The danger of treating one’s opponents are irrational is that one cannot take their arguments seriously, and is soon reduced to ad hominem arguments. If one cannot persuade rationally, one must bully intellectually or even physically. More so, one need not listen to the irrational. What they claim upsets them is not really what upsets them. Underneath their opposition to health care reform, of course, is racism and classism and ignorance and hatred. Sigh.
4. Hillary Clinton goes to Liberia to strengthen US ties and emphasize the rights of women. Absolutely 100% in support. The press denigrates this as a “girl power” moment, but it’s more serious than that. In many African nations, women live subservient lives, are subject to genital mutilation and rape, and so on and on and on. The Obama administration is big on symbolism, granted, and small on policy. So I’d like to see some strong pressure on African nations to combat sexist attitudes, but I’m glad that Hillary is there and bringing attention to these issues.
5. This sort of quotation, from Debbie Stabenow, does little for the anthropogenic global warming movement. “Climate change is very real,” she confessed as she embraced cap and trade’s massive tax increase on Michigan industry – at the same time claiming, against all the evidence, that it would not lead to an increase in manufacturing costs or energy prices. “Global warming creates volatility. I feel it when I’m flying. The storms are more volatile. We are paying the price in more hurricanes and tornadoes.” Well, no. I call this the down-side wave effect. When you’re looking across a lake, you only see the up-side of the waves. This results in the distance across the lake looking shorter. Yet if you were on other side of the lake, you would only see the other sides of the waves. Neither side sees the full picture.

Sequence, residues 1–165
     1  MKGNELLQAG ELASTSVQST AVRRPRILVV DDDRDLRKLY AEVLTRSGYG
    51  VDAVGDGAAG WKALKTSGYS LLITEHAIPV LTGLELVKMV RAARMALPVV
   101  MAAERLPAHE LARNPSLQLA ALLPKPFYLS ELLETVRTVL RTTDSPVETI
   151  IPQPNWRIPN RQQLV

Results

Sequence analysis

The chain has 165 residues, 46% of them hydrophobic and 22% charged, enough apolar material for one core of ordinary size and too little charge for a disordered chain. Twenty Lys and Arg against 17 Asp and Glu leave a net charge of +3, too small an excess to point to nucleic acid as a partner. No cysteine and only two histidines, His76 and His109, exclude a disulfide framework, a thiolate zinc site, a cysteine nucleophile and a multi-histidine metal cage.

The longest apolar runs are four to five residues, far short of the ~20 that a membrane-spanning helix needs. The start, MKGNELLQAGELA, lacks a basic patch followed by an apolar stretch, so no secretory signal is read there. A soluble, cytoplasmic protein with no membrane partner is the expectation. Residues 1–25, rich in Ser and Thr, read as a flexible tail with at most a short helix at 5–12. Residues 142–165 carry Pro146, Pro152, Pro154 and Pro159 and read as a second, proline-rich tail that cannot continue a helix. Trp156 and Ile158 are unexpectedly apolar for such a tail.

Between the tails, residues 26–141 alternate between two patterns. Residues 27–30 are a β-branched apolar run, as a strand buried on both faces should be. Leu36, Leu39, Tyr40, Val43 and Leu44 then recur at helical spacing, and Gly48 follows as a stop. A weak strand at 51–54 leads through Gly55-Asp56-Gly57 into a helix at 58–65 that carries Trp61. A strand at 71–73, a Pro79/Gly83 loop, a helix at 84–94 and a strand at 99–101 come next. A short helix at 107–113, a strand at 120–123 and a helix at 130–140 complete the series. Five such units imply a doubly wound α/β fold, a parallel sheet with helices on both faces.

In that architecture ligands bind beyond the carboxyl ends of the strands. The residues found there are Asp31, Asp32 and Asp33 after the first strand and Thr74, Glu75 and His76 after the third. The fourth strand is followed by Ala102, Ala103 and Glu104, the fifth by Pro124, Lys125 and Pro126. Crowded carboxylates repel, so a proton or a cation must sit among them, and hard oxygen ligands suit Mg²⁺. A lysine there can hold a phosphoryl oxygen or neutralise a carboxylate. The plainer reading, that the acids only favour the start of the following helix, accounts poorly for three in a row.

Several states just experienced the coldest July on record. Global mean temperatures are down, and so are hurricane and tornado counts. The only meaningful data in this debate is averages. Pointing to how much turbulence you experienced in your last flight over the Rockies is not a good argument, and only makes your side look foolish.
6. Supporters of Obama’s health care reform are beginning to pay a price in the polls. Specter is looking increasingly likely to loose. Grassley is backing off his previous words of support.
7. Finally, an intriguing article from Christianity Today begins with the question: “What should we think of a God who gives us sticks of dynamite to play with?”